Technology is dominated by two types of people: those who understand what they
do not manage, and those who manage what they do not understand – Putt’s Law

We are always working with data and their datatypes. In the tables we constrain the data by their datatype. For instance, we create a price column of type NUMBER(4,2) telling the database to store a maximum of four (4) digits of which we want to use two (2) as the decimal digits. This is how we, in real life, use our prices. In PL/SQL we can anchor our variables to this type using the <TABLE>.%TYPE syntax. But what if there is no column to anchor to? We can also use the NUMBER(6,2) syntax to constrain the values possible for a certain variable.

Consider this piece of code:

  l_var1 NUMBER(4,2);
  l_var2 NUMBER(4,2);
  l_var3 NUMBER(4,2);

What happens when we decide we want to store larger amounts or more decimal digits? We can easily change NUMBER(4,2) to NUMBER(6,3), but it’s likely that the variables are scattered all over the code we are managing. One solution is to create a table with a column holding the desired format so we can anchor to that column, but it seems like overkill to create a table just for the types we need. What happens if someone unaware of its use changes the datatype? This is where subtypes come in handy.


A subtype does not introduce a new type; rather, it places an optional constraint on its base type. Subtypes can be either constrained or unconstrained. Examples of unconstrained subtypes are: FLOAT for NUMBER and CHARACTER for CHAR. These are available mainly because of compatibility with other databases. Examples of built-in constrained subtypes are: SIGNTYPE (only values allowed are -1, 0 and 1) and POSITIVE which is essentially a BINARY_INTEGER with a restricted value range between 1 and 2147483647.

You can define your own subtypes in the declarative part of any PL/SQL block, subprogram, or package using the syntax:

SUBTYPE subtype_name IS base_type[(constraint)] [NOT NULL];

We can create subtypes for every special datatype we need. Of course we can use the unrestricted datatypes like NUMBER and then restrict it when we need it to be restricted, but chances are that you are going to forget about this at least once in your code, resulting in unpredictable behaviour. And how about the VARCHAR2 datatype. You always have to declare a variable with a constrained size. It is probably a lot easier to declare a subtype of a certain size once and then use that throughout your code.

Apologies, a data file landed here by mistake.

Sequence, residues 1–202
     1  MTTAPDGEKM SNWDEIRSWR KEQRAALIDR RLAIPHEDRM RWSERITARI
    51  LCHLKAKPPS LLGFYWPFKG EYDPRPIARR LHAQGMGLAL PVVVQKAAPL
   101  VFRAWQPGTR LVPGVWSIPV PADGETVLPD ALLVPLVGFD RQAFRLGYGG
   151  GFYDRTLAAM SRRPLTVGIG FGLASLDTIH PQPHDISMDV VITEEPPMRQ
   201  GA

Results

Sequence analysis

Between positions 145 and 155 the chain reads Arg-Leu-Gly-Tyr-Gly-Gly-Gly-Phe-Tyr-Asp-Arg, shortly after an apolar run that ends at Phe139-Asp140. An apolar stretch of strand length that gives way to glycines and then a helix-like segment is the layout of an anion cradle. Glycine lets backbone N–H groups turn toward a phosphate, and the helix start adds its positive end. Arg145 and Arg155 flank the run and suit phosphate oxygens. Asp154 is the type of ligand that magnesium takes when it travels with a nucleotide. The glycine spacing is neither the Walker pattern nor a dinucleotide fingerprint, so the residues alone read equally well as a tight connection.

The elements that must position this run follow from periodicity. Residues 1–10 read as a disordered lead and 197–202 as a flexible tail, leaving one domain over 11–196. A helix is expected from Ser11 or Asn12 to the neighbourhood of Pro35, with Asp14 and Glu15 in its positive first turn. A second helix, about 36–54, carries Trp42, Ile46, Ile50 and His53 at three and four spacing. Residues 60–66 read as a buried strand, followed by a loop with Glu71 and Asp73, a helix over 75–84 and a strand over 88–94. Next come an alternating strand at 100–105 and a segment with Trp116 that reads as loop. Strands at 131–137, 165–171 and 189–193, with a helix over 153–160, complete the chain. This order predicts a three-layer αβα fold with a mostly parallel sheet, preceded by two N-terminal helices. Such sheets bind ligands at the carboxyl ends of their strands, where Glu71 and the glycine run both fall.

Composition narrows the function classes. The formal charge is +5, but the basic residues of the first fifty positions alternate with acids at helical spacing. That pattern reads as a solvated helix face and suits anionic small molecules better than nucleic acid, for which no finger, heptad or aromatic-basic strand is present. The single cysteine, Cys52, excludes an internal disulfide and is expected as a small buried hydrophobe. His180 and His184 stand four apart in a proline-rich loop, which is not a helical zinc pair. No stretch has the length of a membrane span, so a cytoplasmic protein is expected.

You can simply create a package like this:

  -- Author  : Patrick Barel
  -- Purpose : Supply different subtypes

  SUBTYPE maxvarchar IS VARCHAR2(32767);
  SUBTYPE maxvarchardb IS VARCHAR2(4000);
END types;

…and then in your code simply refer to the types using something like this:

    l_text   types.maxvarchar;
    l_dbtext types.maxvarchardb;

Not only does this make your code more readable, self documenting if you will, it also helps when you want to use certain changes Oracle makes to the implementation of the database. Back in Oracle 7 the maximum varchar2 size for a database column was 2000. Nowadays it’s 4000. By using the subtypes we just need to change one line of code in our application and we use the new size throughout our application.


Consider this package:

PACKAGE subtype_test IS
  SUBTYPE money IS NUMBER(20, 2);
  FUNCTION add_number(amount_in IN NUMBER
                     ,add_in    IN NUMBER) RETURN NUMBER;
  FUNCTION add_money(amount_in IN money
                    ,add_in    IN money) RETURN money;
END subtype_test;

PACKAGE BODY subtype_test IS
  FUNCTION add_number(amount_in IN NUMBER
                     ,add_in    IN NUMBER) RETURN NUMBER IS
    dbms_output.put_line('AMOUNT_IN :'||amount_in);
    dbms_output.put_line('ADD_IN    :'||add_in);
    RETURN(amount_in + add_in);
  FUNCTION add_money(amount_in IN money
                    ,add_in    IN money) RETURN money IS
    dbms_output.put_line('AMOUNT_IN :'||amount_in);
    dbms_output.put_line('ADD_IN    :'||add_in);
    RETURN(amount_in + add_in);
END subtype_test;

These functions perform exactly the same tasks; the only difference is their input and return type. When I call function add_number, I can send input of any number and it will return a value with the maximum precision. When I call function add_money, I can send the same input parameters, but it will return a value with the precision specified in the subtype.

The output of this test script:

  l_test                                  NUMBER;
  l_test   := subtype_test.add_number( 10.125, 2.2542 );
  DBMS_OUTPUT.put_line( 'number : ' || TO_CHAR( l_test ));
  l_test   := subtype_test.add_money( 10.125, 2.2542 );
  DBMS_OUTPUT.put_line( 'money  : ' || TO_CHAR( l_test ));


number : 12.3792
money  : 12.38

The constraint of the subtype is not enforced on the parameters but the returned type is restricted even though the variable that receives this value is not.


If you take a look at the standard package you can see how Oracle uses subtypes extensively. For example all kinds of number subtypes:

  subtype FLOAT is NUMBER; -- NUMBER(126)
  subtype REAL is FLOAT; -- FLOAT(63)
  subtype INTEGER is NUMBER(38,0);
  subtype INT is INTEGER;
  subtype SMALLINT is NUMBER(38,0);
  subtype DECIMAL is NUMBER(38,0);
  subtype NUMERIC is DECIMAL;
  subtype DEC is DECIMAL;

As you can see there is one BASE type which in this case is NUMBER_BASE. FLOAT for instance is actually the same as NUMBER which is in nature a floating point. The subtype INTEGER is a restricted NUMBER because it doesn’t allow any decimal digits. As you can see, you can also create subtypes based on subtypes as long as they have been declared before you use them.

If you have a moment, check out the STANDARD package. Either view the code in the SYS.STANDARD package or cheeck out the files $ORA_HOME\RDBMS\ADMIN\stdspec.sql and $ORA_HOME\RDBMS\ADMIN\stdbody.sql. There is a lot you can learn, just from reading how Oracle solves things.